But how shall we know whether a law is unjust? The ontology of civil disobedience merely sets out that disobeying a law is potentially justified on extra-legal grounds. The epistemic situation of the would-be defiant is more difficult. For the question turns now on when disobedience is actually warranted. Henry David Thoreau is right to think that “if injustice is part of the friction of the machine of government,” then we ought to “be a counter friction to stop the machine.”
But to what can we appeal for justifying such counter friction? Perhaps we should, as Alexis de Tocqueville thought, make an appeal above the sovereignty of the State “to the sovereignty of mankind.” Is this any less nebulous, any less subjective?
Imagine that the Universal Declaration of Human Rights provides us with the content of the concept of the “sovereignty of mankind.” The rights outlined in this document serve to protect and promote fundamental human goods, secure or make provision for the intrinsic values of humans. This is the moral character of rights: they determine the minimum standard of what is morally permissible, prohibited and prescribed in human acts, legislation included. So, for law to be legitimate, it must be predicated on such rights.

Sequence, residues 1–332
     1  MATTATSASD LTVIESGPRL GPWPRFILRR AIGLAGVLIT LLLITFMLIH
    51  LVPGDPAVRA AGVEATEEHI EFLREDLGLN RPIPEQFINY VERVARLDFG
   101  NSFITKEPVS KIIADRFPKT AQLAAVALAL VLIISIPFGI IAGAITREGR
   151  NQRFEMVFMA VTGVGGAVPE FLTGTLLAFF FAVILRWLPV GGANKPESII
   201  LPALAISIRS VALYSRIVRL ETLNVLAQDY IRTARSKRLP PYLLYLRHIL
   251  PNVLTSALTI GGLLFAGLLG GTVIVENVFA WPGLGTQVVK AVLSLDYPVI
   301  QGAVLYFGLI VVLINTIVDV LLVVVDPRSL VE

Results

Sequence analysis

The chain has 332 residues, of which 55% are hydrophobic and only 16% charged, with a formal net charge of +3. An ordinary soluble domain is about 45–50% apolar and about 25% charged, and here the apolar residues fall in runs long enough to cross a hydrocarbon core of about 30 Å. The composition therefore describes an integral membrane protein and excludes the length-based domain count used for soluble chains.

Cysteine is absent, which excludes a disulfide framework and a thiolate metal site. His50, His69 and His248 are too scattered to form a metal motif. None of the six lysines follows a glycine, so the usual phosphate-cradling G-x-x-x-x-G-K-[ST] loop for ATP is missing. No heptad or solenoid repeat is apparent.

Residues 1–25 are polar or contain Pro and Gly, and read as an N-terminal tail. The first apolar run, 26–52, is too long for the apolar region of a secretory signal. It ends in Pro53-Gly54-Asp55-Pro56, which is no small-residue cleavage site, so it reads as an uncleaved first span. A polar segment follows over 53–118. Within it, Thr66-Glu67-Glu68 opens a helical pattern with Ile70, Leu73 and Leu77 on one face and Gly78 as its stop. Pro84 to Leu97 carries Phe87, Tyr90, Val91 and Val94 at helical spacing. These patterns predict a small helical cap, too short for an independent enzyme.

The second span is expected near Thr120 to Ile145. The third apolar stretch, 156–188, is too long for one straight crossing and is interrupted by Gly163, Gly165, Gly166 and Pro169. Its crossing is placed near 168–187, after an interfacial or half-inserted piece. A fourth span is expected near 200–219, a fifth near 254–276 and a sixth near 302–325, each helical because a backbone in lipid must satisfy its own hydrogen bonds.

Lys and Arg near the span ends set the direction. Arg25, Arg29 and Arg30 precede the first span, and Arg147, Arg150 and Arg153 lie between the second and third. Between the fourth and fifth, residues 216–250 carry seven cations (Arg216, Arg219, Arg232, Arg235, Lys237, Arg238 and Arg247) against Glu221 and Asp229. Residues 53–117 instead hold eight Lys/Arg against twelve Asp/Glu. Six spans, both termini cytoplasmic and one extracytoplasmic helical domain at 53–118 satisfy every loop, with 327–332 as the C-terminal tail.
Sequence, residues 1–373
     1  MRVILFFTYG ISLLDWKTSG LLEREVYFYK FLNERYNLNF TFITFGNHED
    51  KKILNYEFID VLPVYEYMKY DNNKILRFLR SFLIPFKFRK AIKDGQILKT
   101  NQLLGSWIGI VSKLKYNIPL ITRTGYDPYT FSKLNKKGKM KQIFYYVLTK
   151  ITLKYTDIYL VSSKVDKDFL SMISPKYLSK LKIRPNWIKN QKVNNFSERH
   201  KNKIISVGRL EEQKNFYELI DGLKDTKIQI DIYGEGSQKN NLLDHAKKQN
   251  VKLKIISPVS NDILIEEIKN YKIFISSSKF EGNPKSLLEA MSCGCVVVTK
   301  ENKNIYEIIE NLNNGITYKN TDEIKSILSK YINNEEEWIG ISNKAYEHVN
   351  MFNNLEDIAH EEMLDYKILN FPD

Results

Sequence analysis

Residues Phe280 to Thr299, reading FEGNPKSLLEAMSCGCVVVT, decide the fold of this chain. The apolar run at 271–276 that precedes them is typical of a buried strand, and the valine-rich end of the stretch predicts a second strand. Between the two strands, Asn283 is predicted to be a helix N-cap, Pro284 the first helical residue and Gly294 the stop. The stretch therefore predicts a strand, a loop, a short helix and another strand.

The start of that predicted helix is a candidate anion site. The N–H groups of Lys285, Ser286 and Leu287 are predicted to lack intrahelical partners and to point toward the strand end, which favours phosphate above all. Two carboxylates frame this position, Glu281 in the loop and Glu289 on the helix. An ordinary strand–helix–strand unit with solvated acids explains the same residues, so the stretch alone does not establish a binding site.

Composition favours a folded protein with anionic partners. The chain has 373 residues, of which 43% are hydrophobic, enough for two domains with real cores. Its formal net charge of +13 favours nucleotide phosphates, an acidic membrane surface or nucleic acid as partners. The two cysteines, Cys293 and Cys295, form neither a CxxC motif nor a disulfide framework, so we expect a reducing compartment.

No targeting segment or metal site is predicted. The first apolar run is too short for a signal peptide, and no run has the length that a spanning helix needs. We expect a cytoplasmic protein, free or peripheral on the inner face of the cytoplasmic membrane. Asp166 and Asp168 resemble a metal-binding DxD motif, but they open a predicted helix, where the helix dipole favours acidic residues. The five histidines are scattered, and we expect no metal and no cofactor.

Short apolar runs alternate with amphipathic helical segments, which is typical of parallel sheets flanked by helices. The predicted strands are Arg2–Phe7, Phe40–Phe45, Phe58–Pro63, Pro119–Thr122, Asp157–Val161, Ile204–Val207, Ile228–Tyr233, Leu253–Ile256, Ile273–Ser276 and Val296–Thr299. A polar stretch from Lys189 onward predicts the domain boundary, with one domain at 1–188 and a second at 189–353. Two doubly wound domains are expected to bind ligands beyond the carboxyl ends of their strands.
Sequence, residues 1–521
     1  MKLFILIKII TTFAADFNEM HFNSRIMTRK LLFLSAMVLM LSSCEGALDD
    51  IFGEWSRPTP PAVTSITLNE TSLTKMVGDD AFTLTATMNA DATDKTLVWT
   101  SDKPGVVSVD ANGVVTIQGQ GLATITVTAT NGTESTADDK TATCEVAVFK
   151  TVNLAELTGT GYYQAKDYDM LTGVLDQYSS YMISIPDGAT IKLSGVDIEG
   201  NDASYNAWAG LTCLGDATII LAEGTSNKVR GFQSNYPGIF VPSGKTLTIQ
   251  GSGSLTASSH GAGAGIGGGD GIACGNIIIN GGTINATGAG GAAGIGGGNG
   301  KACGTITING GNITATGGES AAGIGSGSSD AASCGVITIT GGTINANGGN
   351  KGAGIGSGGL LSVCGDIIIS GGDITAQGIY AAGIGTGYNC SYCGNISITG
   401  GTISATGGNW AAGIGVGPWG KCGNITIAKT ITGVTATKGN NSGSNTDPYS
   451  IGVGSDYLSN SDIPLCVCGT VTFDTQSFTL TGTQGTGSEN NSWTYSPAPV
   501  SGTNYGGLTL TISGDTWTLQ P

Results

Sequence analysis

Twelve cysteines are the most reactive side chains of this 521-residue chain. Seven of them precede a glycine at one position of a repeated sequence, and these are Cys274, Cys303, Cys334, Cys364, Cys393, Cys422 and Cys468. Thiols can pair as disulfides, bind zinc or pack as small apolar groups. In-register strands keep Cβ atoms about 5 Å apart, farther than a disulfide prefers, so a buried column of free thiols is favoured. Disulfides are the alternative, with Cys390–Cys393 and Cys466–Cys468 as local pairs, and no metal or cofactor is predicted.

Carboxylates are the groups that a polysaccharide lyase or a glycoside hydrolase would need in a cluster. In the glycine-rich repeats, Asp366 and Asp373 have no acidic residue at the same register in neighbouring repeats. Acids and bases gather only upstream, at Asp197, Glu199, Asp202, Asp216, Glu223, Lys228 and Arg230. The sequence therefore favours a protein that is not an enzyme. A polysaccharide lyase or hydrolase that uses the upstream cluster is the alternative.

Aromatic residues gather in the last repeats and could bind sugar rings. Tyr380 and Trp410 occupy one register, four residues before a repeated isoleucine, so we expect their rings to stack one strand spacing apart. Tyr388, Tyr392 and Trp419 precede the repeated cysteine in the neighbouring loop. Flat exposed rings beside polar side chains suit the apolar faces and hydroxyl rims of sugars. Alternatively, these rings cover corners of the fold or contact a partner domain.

How do rights protect, promote or make provision for human interests? Rights involve either claims or privileges. When rights make claims, there is a corresponding duty made upon others to respect the claim being made. If someone makes a claim against you, you are no longer at liberty to do what that claim prohibits. Claim rights protect basic human interests from being harmed (e.g. security of the person). When rights involve privileges, there is an inability of others to make claims against you. If you have a liberty, you no longer have a responsibility to respect a claim because a claim can’t be made against you. Privilege rights promote the expression of permissible human interests (e.g. freedom of belief).
We’re now in an epistemic position to judge when a law is unjust: When a law fails to protect claim rights or promote privilege rights, or fails to make provision for the actual exercise of either, it is not possibly just. So, just how do lockdown measures fail to be legitimate and consequently fail to demand our obedience?